If a curious Martian were to suddenly visit Earth, the brouhaha surrounding Donald Sterling’s racist rant would be deeply perplexing. You see, Martians are like Vulcans, and can only think logically and scientifically, so severely punishing a harmless private conversation would baffle them. Surely, the Martian would ask, Mr. Sterling must have done something terribly wrong, perhaps poisoning the LA water supply or molesting children. After all, to roughly translate an ancient Martian proverb, sticks and stones may break my bones but names will never harm me.
Since such illogic is painful to Martians, I would explain to my guest that, yes, the draconian punishment does appear irrational in your terms, but it makes perfect sense to Earthlings. The culprit is “magical thinking,” a phenomenon totally alien to Martian brains but commonplace among our species”although we do treat it as a mental illness if it becomes extreme.
Central to magical thinking is the belief that thought in and of itself can have tangible real-world consequences. For example, someone dies after you imagined his death, though you are totally innocent of causing it. Add magical thinking and pure coincidences become a causal relationship: “I thought him dead and therefore he died.” In many Earth cultures, silence prevents hexing the outcome; this is why you don”t count your chickens before they hatch. Jews, fearing His wrath, are forbidden to utter God’s name and instead use multiple substitutes. The anthropologist Bronislaw Malinowski associated magical thinking with primitive tribes (“savages”); Sigmund Freud saw magical thinking as a childhood trait, e.g., trying to receive a gift simply by wishing it.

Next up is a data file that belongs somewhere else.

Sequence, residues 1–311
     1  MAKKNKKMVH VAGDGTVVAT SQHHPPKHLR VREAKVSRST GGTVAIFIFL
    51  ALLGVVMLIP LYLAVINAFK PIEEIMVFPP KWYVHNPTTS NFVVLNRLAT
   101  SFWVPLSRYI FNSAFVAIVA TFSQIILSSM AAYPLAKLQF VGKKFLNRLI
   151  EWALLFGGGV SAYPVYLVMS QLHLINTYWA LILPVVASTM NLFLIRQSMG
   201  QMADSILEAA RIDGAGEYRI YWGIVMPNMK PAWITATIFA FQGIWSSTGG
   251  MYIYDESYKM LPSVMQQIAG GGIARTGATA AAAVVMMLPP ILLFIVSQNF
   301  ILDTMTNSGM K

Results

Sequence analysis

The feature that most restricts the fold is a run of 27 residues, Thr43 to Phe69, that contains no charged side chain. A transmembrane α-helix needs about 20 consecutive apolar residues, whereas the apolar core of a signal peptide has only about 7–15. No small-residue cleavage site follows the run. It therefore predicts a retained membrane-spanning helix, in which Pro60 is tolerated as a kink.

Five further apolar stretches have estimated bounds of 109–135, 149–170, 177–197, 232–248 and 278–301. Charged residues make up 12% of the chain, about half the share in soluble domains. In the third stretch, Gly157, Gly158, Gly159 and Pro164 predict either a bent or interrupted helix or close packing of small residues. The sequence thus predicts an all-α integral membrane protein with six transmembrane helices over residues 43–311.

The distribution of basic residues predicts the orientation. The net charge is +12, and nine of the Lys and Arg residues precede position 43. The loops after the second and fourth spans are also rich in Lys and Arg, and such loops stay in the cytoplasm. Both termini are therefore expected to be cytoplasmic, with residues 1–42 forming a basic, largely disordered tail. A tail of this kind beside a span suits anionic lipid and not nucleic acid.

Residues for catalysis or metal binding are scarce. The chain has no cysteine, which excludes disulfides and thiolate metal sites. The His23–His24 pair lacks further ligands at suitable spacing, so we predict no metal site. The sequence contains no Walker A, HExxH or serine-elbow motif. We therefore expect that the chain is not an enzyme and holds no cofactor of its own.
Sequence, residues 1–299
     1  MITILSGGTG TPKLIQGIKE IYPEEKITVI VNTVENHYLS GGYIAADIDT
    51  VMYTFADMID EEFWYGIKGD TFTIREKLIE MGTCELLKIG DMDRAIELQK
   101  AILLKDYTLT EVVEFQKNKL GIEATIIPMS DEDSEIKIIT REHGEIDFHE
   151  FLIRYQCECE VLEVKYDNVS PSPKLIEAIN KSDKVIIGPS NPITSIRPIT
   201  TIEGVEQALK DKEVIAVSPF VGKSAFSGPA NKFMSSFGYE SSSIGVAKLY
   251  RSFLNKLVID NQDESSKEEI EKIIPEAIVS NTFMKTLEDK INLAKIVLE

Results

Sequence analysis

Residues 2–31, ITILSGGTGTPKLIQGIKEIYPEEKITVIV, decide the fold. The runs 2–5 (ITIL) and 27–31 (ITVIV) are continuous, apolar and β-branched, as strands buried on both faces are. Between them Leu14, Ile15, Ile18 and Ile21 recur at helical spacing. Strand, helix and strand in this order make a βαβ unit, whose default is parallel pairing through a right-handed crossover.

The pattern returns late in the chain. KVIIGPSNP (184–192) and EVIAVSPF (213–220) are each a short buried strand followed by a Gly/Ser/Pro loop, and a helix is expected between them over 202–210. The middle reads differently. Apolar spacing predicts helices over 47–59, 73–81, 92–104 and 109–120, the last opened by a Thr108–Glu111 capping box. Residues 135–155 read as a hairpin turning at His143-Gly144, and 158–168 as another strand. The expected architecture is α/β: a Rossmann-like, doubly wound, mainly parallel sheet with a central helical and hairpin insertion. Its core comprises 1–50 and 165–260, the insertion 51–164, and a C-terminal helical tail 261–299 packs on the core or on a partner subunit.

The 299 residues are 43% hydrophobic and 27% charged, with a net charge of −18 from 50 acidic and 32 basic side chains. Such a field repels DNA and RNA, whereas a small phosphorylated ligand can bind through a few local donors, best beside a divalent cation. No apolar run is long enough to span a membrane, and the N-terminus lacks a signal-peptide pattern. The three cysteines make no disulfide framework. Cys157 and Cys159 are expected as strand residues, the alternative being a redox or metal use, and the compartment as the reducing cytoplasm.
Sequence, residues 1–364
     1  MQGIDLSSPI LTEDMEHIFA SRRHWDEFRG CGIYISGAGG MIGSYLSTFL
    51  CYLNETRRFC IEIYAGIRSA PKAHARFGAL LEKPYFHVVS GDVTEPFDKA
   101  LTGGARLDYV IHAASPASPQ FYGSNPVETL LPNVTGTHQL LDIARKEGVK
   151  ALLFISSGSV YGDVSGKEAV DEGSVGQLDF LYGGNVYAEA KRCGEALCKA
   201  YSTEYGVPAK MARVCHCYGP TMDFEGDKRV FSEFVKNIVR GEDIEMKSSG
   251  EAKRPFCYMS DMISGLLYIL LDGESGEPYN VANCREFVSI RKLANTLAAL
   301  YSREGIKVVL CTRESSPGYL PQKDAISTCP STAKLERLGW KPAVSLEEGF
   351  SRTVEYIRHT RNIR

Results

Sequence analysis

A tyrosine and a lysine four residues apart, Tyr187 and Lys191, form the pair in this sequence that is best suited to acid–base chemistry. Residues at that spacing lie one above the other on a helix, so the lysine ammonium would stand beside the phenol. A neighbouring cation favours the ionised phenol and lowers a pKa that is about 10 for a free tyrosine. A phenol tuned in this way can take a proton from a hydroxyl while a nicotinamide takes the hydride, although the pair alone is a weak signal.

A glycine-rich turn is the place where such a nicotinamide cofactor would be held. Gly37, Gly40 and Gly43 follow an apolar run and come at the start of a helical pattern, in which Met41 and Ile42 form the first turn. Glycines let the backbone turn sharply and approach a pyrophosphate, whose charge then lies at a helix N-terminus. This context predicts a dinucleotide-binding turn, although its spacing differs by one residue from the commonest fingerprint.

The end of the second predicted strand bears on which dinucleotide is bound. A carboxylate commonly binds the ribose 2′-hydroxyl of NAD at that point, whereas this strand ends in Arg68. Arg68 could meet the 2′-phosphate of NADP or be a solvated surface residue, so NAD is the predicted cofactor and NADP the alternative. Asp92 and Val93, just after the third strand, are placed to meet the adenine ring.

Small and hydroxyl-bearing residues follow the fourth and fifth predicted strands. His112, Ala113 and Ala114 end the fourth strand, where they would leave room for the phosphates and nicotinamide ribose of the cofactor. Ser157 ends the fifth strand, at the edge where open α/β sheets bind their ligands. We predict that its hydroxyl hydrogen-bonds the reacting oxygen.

The mother of all examples is white racism. There is a belief common among blacks that a white’s mental state can debilitate black people independent of any overt harmful behavior. The very invisibility of this force makes it magical. Invisible white racism differs from discrimination and comparable white behaviors where, for example, a white deliberately denies a job to an African American solely on racial grounds. By contrast, magical harm might be unintentional. President George W. Bush tried to exorcise this nonmalignant phantom in a 2000 speech before the NAACP’s 91st annual convention, in which he condemned the soft bigotry of low expectations. That is, blacks perform poorly when whites expect a dismal performance. Implied was the idea that unarticulated thoughts did the damage. Hardly surprising in today’s political climate, the proposition that white expectations explain black (and Hispanic) academic failure has become a research cottage industry.
Thus understood, Donald Sterling’s racist rant, delivered in private, was dangerous not because it inflicted physical or emotional harm on its intended listener (obviously untrue). Rather, it revealed to the world an extraordinary high level of toxic thinking, and as one would quarantine bubonic plague or TB carriers, Sterling had to be banished to the wilderness; he was told to sell the Clippers basketball team and never, ever again associate with the NBA. He was also disinvited from addressing an NAACP banquet despite past financial largess. He was so radioactive that UCLA refused a $3 million “tainted” donation for kidney research from his Sterling Foundation. Conceivably, a black program administrator might touch the money and thus be incapacitated.
Yet our imaginary Martian visitor persisted: Why would “bad thinking,” apart from any bad behavior, elicit this outrage? My response was that any scientifically sound explanation must be tentative. Nevertheless, magical thinking is widespread and perhaps hardwired into human DNA, though its evolutionary competitive advantage is uncertain.
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